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biased language

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biased language

Talking About People: A Guide to Fair and Accurate Language by Rosalie Maggio (Greenwood, 1997)

Definition:

Words and phrases that are considered prejudiced, offensive, and hurtful.

Biased language includes expressions that demean or exclude people because of age, sex, race, ethnicity, social class, or certain physical or mental traits.


See also:

Examples and Observations:

  • "Biased language insults the person or group to which it is applied. In denigrating others, biased language creates division and separation. In using biased language about races and ethnic or cultural groups, speakers and writers risk alienating members of those groups, thus undermining the communication and shared understanding language should promote."
    (Robert DiYanni and Pat C. Hoy II, The Scribner Handbook for Writers. Allyn and Bacon, 2001)


  • "At the grossest level, gender-biased language implies that people are male unless 'proven' to be female. Female gender may be designated by either tagging on a feminine descriptor (e.g. lady professor, women doctor, female engineer) or by belonging to a stereotypically female group (e.g., kindergarten teacher, social worker)."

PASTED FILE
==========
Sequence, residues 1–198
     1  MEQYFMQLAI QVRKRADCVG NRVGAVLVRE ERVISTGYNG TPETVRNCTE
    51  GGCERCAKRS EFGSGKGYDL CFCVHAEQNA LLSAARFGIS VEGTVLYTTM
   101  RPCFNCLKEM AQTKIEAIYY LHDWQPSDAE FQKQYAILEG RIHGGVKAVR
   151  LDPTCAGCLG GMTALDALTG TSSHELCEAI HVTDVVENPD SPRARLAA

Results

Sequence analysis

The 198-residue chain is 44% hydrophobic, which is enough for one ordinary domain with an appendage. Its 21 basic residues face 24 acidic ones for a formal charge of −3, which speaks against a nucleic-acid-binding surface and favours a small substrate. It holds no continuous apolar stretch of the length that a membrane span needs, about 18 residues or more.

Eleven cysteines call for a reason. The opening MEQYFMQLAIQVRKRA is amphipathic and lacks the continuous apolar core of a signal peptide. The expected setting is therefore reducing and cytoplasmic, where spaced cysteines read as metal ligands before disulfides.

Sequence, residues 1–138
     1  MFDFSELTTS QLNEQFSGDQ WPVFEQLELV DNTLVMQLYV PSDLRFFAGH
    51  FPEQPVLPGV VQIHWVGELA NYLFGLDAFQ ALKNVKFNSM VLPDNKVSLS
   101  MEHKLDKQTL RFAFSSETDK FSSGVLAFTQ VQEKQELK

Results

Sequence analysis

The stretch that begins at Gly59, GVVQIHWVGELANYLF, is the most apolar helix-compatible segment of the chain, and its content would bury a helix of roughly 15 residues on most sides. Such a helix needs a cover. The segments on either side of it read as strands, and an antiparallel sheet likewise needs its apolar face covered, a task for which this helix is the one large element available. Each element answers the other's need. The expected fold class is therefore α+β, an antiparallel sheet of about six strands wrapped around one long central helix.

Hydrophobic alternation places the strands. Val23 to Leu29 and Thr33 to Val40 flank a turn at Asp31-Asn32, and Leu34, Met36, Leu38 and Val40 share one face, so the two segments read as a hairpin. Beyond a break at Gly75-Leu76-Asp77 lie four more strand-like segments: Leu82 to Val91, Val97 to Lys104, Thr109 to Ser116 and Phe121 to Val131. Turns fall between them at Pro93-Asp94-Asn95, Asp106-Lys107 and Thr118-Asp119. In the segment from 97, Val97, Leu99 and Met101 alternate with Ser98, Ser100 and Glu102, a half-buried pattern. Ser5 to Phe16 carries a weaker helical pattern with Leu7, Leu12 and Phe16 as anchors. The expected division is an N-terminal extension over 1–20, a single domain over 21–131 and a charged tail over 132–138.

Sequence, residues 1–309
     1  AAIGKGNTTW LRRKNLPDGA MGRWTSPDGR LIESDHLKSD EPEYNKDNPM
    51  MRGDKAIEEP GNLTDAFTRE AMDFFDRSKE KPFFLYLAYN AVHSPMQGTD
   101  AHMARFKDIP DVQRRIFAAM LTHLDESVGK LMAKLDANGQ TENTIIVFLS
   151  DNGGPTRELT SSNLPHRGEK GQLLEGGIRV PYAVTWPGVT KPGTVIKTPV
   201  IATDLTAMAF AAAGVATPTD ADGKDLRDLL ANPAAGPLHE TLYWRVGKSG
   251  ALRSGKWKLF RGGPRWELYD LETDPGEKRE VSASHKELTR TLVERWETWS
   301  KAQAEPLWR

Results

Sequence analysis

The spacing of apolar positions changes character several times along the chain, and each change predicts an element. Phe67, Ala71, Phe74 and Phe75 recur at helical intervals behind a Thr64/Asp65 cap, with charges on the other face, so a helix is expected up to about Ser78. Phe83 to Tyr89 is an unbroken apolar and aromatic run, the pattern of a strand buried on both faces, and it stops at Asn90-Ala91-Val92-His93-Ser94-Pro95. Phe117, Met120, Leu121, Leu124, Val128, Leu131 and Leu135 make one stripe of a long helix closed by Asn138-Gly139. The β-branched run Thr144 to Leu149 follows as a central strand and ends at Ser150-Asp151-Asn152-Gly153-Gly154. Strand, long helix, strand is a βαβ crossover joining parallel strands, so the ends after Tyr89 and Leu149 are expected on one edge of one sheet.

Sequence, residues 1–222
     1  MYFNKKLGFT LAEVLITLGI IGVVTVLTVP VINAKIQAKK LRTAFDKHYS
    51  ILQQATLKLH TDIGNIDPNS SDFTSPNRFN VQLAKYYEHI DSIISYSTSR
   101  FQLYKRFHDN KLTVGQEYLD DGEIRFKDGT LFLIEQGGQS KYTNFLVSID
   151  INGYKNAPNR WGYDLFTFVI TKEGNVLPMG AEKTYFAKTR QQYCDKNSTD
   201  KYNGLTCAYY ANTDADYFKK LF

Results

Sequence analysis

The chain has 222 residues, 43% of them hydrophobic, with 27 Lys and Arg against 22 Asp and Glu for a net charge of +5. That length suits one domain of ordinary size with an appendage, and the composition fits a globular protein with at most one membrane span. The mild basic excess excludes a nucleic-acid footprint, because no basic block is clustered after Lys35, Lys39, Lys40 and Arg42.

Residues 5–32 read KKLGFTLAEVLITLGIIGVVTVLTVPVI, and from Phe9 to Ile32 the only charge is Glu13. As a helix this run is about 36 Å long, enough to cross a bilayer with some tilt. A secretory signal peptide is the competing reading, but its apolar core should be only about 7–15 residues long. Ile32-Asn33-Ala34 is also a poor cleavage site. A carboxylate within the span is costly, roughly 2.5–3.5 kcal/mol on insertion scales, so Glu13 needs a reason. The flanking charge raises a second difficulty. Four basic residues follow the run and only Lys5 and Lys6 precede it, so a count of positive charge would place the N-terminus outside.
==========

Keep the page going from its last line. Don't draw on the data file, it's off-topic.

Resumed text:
(Janet B. Ruscher, Prejudiced Communication: A Social Psychological Perspective. Guilford, 2001)


  • "Avoid, if you can, giving gratuitous offence: you risk losing your readers, or at least their goodwill, and therefore your arguments. But pandering to every plea for politically correct terminology may make your prose unreadable, and therefore also unread.

    "So strike a balance. If you judge that a group wishes to be known by a particular term, that the term is widely understood and that using any other term would seem odd, old fashioned or offensive, then use it."
    (The Economist Style Guide, 10th ed. Profile Books, 2010)
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